THE SOCIAL NETWORK has to be one of the best films of the year. David Fincher is back on form following the ever so slightly melancholic chore that was Benjamin Button. His direction is subtle, even masterful, wise enough to simply get out of the way, and let Aaron Sorkin’s writing shine.
From the opening scene, Sorkin draws you in, leads you through what, in a lesser writer’s hands, might end up looking like a childish squabble.
If you don’t know The Social Network is about the creation of Facebook, and the ensuing fallout. How much of what we see is true is anyone’s guess, but Sorkin doesn’t let the truth get in the way of a good story, allowing the various parties to have their say, even if it contradicts what is being said elsewhere.
He lets you make up your own mind, decide for yourself who is lying, and who is telling the truth. In doing so he manages to make you engage with some of the most unlikeable people you’re ever likely come across. They are elitist self-centred egomaniacs, their narcissism verges on the psychopathic, but Sorkin even manages to make you feel for them.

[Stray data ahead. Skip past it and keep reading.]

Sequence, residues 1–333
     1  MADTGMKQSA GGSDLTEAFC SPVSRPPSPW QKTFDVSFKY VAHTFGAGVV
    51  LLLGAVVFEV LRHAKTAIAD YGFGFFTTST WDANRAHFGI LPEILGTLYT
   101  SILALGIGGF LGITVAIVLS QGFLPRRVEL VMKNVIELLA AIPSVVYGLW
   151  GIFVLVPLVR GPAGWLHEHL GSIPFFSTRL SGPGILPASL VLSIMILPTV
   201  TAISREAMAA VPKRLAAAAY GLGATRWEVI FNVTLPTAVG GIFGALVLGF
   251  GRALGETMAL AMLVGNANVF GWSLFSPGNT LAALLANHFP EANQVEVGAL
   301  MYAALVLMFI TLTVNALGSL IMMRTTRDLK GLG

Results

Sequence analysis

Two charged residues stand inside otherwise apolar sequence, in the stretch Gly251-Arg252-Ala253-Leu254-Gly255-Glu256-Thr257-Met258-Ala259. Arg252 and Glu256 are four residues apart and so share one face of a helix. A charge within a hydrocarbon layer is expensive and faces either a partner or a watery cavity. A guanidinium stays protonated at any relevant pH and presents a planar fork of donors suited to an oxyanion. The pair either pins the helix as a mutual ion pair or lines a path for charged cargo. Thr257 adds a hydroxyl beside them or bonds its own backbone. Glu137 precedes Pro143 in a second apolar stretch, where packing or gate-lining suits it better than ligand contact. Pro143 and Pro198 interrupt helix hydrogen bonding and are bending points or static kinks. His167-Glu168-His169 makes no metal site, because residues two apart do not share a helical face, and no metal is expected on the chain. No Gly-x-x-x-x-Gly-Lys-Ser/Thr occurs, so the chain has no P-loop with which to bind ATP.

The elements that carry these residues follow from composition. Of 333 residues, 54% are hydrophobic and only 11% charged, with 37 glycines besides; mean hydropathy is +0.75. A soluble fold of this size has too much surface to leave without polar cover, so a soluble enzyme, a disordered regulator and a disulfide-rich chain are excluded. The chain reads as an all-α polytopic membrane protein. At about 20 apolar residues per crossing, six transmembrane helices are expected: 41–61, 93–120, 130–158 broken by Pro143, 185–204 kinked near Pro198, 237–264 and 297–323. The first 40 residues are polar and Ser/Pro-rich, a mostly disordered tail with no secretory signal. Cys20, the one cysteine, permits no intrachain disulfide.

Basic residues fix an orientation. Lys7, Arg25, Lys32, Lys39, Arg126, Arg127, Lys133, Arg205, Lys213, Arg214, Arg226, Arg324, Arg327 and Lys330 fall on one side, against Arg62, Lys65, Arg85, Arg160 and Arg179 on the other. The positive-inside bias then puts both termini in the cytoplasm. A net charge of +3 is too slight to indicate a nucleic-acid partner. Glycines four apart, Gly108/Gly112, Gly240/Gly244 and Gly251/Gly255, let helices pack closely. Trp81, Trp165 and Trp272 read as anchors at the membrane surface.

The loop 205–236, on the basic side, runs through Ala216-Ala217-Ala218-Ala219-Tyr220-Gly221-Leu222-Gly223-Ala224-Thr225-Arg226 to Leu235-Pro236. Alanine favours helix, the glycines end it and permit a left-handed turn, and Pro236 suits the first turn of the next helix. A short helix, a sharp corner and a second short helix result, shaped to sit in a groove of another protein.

When the depositions are over, and the lawyers have retired to thrash out the settlement, Zuckerberg retreats into his virtual world, and check his ex’s status on Facebook. It’s hard not to feel something for him at this point, all of his “motivated” behaviour, and all he wants is to be liked by a girl. It’s that or he is dangerous psychopath stalking an ex, you decide.
Interesting, engaging, and definitely worth seeing more than once.
Director: David Fincher
Writer: Aaron Sorkin
Production Year: 2010
Running Time: 121 minutes